The Sacramental Universe

23 08 2014

082414_0157_TheSacramen1.pngEveryone eats. Not everyone gives thanks for the food consumed.

The Greek New Testament word for “giving thanks” is eucharisteo, which by the second century quickly became shorthand for the celebration of the Lord’s Supper itself– the Eucharist.

Perhaps one reason the Eucharist is such a low priority for many churches today is because giving thanks to our creator for all His good gifts is hard to come by in a time when many, in North America, are seemingly self-sufficient. We work to earn money to buy food. What did God have to do with it?

Simultaneously, the very presence of God in our daily lives is ignored or belittled. God has become, at best, a mysterious force quite removed from the morning commute and the paying of bills. Most now believe, in behavior if not in thought, that the commerce between heaven and earth dried up long, long ago– if it ever really existed in the first place.

For those who lift thankful hearts to the Lord for every good gift, however, the Eucharist is the culmination of a thank-filled week. The Lord’s Table and the sacramental food shared there bring life and meaning and understanding to everything else.


My own “mental furniture” is arranged within a home whose architecture has been largely influenced by the cosmology of a little book by Alexander Schmemann, entitled, For the Life of the World. What follows comes from the early pages of the first chapter. If we would think and live as Biblical Christians–disciples of Jesus the Messiah–the worldview espoused and described in what follows ought to inform our own presuppositions about God, the universe, and the human race.


In the Bible the food that man eats, the world of which he must partake in order to live, is given to him by God, and it is given as communion with God. The world as man’s food is not something “material” and limited to material functions, thus different from, and opposed to, the specifically “spiritual” functions by which man is related to God. All that exits is God’s gift to man, and it all exists to make God know to man, to make man’s life communion with God. It is divine love made food, made life for man. God blesses everything He creates, and, in biblical language, this means that He makes all creation the sign and means of His presence and wisdom, love and revelation: “O taste and see that the Lord is good.” . . .


And in the Bible to bless God is not a “religious” or a “cultic” act, but the very way of life. God blessed the world, blessed man, blessed the seventh day (that is, time), and this means that He filled all that exists with His love and goodness– made all this “very good.” So the only natural (and not “supernatural”) reaction of man, to whom God gave this blessed and sanct082414_0202_TheSacramen2.pngified world, is to bless God in return, to thank Him, to see the world as God sees it and–in this act of gratitude and adoration –to know, name and possess the world. All rational, spiritual and other qualities of man, distinguishing him from other creatures, have their focus and ultimate fulfillment in this capacity to bless God, to know, so to speak, the meaning of the thirst and hunger that constitutes his life. “Homo sapiens,” “homo faber” . . . yes, but, first of all, “homo adorans.” The first, the basic definition of man is that he is the priest. He stands in the center of the world and unifies it in his act of blessing God, of both receiving the world from God and offering it to God–and by filling the world with this eucharist, he transforms his life, the one that he receives from the world, into life in God, into communion with Him. The world was created as the “matter,” the material of one all-embracing eucharist, and man was created as the priest of this cosmic sacrament.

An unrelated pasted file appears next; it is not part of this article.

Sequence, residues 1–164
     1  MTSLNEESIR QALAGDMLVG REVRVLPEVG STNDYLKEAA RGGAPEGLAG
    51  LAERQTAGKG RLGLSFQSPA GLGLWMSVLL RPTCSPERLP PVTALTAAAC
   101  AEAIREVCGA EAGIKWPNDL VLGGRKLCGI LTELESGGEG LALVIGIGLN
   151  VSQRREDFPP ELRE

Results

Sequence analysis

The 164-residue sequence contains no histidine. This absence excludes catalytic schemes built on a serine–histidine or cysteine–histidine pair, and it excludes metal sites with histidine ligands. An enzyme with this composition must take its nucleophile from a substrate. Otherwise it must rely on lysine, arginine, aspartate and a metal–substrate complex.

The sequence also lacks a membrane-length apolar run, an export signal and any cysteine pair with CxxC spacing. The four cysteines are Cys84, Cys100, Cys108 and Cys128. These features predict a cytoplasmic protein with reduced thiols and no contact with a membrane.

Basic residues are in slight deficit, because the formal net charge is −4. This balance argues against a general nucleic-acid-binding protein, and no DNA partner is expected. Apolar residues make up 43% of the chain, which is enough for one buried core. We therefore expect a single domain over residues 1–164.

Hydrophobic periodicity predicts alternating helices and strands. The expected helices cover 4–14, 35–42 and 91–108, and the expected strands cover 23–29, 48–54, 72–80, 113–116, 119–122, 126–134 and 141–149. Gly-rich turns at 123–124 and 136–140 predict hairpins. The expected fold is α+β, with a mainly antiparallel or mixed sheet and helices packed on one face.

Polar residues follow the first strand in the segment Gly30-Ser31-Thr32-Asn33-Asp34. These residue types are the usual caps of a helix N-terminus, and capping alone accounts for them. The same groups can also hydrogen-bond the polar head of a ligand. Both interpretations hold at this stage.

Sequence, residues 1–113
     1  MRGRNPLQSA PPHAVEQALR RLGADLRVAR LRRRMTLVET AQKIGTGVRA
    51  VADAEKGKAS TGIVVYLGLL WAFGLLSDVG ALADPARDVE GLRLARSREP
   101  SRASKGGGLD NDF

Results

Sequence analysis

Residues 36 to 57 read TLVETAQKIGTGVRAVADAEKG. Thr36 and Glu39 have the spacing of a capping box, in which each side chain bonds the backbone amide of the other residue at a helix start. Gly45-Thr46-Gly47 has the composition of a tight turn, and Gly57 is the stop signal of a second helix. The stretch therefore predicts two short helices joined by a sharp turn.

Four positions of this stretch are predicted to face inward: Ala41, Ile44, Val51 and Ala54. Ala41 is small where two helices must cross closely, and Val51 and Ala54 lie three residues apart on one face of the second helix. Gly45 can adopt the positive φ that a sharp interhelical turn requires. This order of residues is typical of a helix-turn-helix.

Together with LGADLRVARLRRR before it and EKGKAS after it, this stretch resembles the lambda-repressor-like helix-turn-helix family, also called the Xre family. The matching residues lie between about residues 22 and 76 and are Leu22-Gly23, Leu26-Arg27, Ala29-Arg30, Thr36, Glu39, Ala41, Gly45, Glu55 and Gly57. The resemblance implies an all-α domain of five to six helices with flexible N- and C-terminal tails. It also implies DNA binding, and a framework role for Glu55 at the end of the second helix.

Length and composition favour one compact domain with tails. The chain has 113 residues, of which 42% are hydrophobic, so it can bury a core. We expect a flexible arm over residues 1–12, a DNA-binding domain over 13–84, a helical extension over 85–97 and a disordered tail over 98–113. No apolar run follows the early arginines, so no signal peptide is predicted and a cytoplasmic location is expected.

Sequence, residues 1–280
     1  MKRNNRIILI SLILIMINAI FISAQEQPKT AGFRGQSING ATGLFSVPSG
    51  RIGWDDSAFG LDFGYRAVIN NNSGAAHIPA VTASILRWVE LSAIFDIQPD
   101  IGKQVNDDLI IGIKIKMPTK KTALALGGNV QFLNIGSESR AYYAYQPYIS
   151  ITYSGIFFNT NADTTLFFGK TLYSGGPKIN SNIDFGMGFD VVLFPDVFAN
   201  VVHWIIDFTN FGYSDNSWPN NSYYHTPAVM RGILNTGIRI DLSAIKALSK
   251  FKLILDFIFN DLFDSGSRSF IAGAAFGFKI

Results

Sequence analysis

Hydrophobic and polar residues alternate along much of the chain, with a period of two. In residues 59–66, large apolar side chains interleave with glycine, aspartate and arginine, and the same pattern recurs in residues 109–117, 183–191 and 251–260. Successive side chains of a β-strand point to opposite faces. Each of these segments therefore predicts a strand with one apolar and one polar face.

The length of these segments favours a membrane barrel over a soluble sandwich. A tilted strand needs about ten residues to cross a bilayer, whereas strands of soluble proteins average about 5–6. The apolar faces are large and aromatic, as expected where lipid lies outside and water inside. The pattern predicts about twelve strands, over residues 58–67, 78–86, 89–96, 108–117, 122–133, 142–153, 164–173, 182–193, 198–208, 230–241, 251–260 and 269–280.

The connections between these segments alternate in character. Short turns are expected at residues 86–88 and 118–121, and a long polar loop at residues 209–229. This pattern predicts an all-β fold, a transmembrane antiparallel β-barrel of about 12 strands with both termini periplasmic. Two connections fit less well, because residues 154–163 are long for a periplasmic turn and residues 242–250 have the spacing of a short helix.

Men understand all this instinctively if not rationally. Centuries of secularization have failed to transform eating into something strictly utilitarian. Food is still treated with reverence. A meal is still a rite–the last “natural sacrament” of family and friendship, of life that is more than “eating” and “drinking.” To eat is still something more than to maintain bodily functions. People may not understand what that “something more” is, but they nonetheless desire to celebrate it. They are still hungry and thirsty for sacramental life.  


By “sacramental life”, Schmemann does not mean that everyone is secretly pining to attend church services that celebrate communion. Rather, human beings are innately desirous to have deep meaning and purpose even in and through mundane necessities like eating and drinking. To put it more plainly, we humans need to find connections to our Creator in and through his creation.


Andrew Peterson’s song, Don’t You Want to Thank Someone, is a great poetic expression of Schmemann’s philosophical framework:


Can’t you feel it in your bones

Something isn’t right here

Something that you’ve always known

But you don’t know why


‘Cause every time the sun goes down

We face another night here

Waiting for the world to spin around

Just to survive


But when you see the morning sun

Burning through a silver mist

Don’t you want to thank someone?

Don’t you want to thank someone for this?


Don’t you ever wonder why

In spite of all that’s wrong here

There’s still so much that goes so right

And beauty abounds?


‘Cause sometimes when you walk outside

The air is full of song here

The thunder rolls and the baby sighs

And the rain comes down


And when you see that spring has come

And it warms you like a mother’s kiss

Don’t you want to thank someone?

Don’t you want to thank someone for this?


I used to be a little boy

As golden as a sunrise

Breaking over Illinois

When the corn was tall


Yeah, but every little boy grows up

And he’s haunted by the heart that died

Longing for the world that was

Before the Fall


Oh, but then forgiveness comes

A grace that I cannot resist

And I just want to thank someone

I just want to thank someone for this


Now I can see the world is charged

It’s glimmering with promises

Written in a script of stars

Dripping from prophets’ lips


But still, my thirst is never slaked

I am hounded by a restlessness

Eaten by this endless ache

But still I will give thanks for this


‘Cause I can see it in the seas of wheat

I can feel it when the horses run

It’s howling in the snowy peaks

It’s blazing in the midnight sun


Just behind a veil of wind